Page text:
Major League Baseball is promoting an effort to identify the best four players in each team’s history with their "Franchise Four." We selected our choices for Mt. Rushmores a few years ago. Here are updated versions for all 30 teams. Who are the four baseball players that have risen above all others for each organization? The question sounds simple, right? Not so fast. Let the arguments begin.
Cincinnati Reds Mt. Rushmore
The salad days for the Cincinnati franchise were clearly the 1970s. Of the Reds’ 15 postseason appearances in their history, six of them came during that decade. Those were the days of the Big Red Machine, artificial turf, Riverfront Stadium and doubleknit uniforms. During that decade, the Reds averaged better than 95 wins a season and had six MVPs. But the winning actually started the decade before. From 1961-81, the Reds had just two losing seasons, going 76-84 in 1966 and 79-83 in 1971. Johnny Bench, in the discussion for best catcher all-time, and Pete Rose, baseball's all-time hits leader, are clear members of the quartet. Nos. 3 and 4 require earnest study.
Logging close to 15,000 innings behind the plate took on toll on the Hall of Fame catcher. During his Rookie of the Year season in 1968, Bench caught in 154 games, the third-highest total since World War II. He earned MVP awards in 1970 and ’72. He led the NL in home runs twice and RBIs three times. Defensively, he is considered one of the best ever. As part of his 14 All-Star seasons, he was awarded 10 consecutive Gold Gloves. Bench hit 10 postseason homers for the Reds, five in the World Series.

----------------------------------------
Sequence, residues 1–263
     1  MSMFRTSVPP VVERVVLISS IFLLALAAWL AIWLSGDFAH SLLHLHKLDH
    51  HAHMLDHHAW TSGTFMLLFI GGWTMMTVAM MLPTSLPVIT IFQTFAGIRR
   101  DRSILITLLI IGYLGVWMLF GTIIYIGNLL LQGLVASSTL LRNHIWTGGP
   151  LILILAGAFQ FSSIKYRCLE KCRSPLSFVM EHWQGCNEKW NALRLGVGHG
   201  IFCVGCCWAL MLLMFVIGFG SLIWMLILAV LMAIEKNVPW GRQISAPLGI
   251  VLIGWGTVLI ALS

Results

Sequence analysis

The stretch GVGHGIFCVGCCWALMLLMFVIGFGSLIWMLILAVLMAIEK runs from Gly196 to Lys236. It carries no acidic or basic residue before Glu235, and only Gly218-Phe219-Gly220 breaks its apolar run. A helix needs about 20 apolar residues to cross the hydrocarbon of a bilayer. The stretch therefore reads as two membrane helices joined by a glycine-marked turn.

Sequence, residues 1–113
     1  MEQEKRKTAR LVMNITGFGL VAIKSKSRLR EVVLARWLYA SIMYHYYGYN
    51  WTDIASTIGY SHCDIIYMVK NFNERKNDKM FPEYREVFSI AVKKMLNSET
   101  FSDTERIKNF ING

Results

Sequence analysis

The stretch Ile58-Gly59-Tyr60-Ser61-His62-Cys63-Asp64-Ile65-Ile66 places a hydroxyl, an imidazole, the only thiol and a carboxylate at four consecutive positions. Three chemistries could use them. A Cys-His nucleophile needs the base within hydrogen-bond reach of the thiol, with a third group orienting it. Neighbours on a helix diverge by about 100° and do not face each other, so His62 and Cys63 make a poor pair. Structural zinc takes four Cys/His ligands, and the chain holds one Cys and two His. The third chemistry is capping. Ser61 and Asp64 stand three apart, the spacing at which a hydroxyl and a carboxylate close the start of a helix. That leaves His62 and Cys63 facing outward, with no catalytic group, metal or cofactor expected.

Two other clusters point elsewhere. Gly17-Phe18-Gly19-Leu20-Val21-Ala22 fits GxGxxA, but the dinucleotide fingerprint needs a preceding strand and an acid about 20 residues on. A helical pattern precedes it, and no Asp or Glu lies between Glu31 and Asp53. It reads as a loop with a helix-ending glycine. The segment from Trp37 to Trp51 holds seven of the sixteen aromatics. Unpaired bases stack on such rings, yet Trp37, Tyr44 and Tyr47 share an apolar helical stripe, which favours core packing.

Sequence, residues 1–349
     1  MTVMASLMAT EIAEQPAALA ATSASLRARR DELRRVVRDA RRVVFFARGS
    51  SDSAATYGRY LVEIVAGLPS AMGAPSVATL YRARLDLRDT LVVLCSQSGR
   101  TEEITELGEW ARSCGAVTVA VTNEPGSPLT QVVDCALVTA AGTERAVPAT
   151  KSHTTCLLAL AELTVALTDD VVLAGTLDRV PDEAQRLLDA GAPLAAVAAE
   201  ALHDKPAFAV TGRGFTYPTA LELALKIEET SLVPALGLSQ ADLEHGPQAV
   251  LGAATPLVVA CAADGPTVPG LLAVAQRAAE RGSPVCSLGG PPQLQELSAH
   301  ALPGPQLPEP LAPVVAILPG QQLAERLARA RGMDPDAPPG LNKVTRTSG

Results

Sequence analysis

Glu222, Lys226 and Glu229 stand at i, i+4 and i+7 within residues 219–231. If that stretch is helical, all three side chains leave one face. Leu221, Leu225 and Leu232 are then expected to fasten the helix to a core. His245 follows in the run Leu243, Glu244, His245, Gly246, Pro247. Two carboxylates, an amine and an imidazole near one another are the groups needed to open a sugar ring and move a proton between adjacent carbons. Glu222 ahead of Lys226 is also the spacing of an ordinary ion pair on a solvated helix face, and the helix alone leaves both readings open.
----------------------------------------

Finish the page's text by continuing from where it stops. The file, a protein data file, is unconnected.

Charley Hustle has gained as many detractors over the years as he had fans in the 1970s, but there is no denying his impact on the franchise. As the leadoff hitter and catalyst for the Big Red Machine, Rose collected 3,358 hits with the Reds including hit number 4,192, celebrated at the time as the hit that broke Ty Cobb’s all-time record. He’s also the franchise record holder in runs, doubles and total bases.
The fourth overall pick in 1985 played his entire career in his hometown of Cincinnati. He was named to 12 All-Star teams, won three Gold Gloves and was named MVP in 1995. He amassed 2,340 hits, second in team history behind Rose, and scored 1,329 runs, which ranks third in a Reds uniform.
The NL MVP in 1961 scored and drove in more than 1,000 runs while with the Reds. Robby finished in the top 10 in MVP voting six times during his 10-year career in Cincinnati, including his Rookie of the Year season in 1956. A little more than three months after his 30th birthday he was traded to Baltimore in a deal the Reds would rue for years.
It’s tough to leave off a Hall of Fame second baseman with back-to-back MVP awards, but Joe Morgan was with the team for just nine seasons and his accomplishments fall just short of those of Robinson and Larkin.
An argument could be made that the demise of the Big Red Machine began with the trade of Tony Perez to Montreal in December of 1976.
One of the most charismatic, upbeat managers of all-time, Sparky Anderson led the Big Red Machine for nine seasons, winning five division titles and finishing second three times.
One of the first stars in Cincinnati, Edd Roush won batting titles in 1917 and ’19.
The shortstop of the Big Red Machine, Dave Concepcion, is second all-time in games and third in hits.
Eppa Rixey — one of the great names in baseball — is the all-time leader in wins for the Reds with 179.
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Other teams' Mt. Rushmores: